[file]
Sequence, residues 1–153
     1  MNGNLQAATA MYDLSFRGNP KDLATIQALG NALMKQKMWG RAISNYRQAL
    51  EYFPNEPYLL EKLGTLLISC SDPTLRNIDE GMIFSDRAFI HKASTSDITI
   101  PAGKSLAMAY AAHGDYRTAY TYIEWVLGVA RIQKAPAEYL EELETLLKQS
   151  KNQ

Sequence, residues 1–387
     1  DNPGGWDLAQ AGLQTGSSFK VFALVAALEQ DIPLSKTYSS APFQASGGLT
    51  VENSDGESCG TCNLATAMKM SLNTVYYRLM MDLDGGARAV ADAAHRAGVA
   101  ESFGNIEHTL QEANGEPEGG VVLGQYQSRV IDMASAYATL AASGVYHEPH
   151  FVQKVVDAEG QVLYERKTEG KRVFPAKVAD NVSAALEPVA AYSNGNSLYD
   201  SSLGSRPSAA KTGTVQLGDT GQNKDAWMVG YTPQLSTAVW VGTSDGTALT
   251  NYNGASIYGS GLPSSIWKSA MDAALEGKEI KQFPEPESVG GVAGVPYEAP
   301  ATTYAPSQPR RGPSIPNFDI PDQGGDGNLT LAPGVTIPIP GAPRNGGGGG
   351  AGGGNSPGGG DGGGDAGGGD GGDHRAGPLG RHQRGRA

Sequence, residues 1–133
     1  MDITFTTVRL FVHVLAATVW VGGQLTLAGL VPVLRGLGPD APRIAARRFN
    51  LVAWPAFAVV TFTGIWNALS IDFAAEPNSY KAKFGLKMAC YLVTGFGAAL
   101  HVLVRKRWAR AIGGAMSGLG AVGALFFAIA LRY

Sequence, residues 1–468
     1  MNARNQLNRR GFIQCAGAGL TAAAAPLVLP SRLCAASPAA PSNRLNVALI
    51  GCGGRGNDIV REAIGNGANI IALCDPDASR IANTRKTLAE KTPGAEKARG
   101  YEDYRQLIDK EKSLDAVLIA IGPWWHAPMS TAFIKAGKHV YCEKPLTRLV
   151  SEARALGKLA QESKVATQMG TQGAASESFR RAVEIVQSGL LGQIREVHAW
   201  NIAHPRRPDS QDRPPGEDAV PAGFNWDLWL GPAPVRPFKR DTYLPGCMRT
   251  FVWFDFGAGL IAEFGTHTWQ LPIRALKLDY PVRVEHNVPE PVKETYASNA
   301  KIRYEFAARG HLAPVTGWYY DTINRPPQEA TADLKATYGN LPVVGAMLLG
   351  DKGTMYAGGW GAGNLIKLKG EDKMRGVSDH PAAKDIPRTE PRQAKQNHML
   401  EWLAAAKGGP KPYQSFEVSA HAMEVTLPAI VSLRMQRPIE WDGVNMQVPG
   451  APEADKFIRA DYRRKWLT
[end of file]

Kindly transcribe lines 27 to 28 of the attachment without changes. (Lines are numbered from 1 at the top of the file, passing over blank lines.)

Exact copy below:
   351  DKGTMYAGGW GAGNLIKLKG EDKMRGVSDH PAAKDIPRTE PRQAKQNHML
   401  EWLAAAKGGP KPYQSFEVSA HAMEVTLPAI VSLRMQRPIE WDGVNMQVPG